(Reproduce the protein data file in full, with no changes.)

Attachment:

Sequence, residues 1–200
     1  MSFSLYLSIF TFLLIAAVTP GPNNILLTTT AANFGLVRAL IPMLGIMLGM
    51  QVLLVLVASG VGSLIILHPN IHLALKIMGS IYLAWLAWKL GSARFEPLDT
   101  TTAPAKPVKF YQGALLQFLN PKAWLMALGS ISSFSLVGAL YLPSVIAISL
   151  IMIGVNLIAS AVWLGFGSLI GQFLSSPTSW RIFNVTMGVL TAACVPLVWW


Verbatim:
Sequence, residues 1–200
     1  MSFSLYLSIF TFLLIAAVTP GPNNILLTTT AANFGLVRAL IPMLGIMLGM
    51  QVLLVLVASG VGSLIILHPN IHLALKIMGS IYLAWLAWKL GSARFEPLDT
   101  TTAPAKPVKF YQGALLQFLN PKAWLMALGS ISSFSLVGAL YLPSVIAISL
   151  IMIGVNLIAS AVWLGFGSLI GQFLSSPTSW RIFNVTMGVL TAACVPLVWW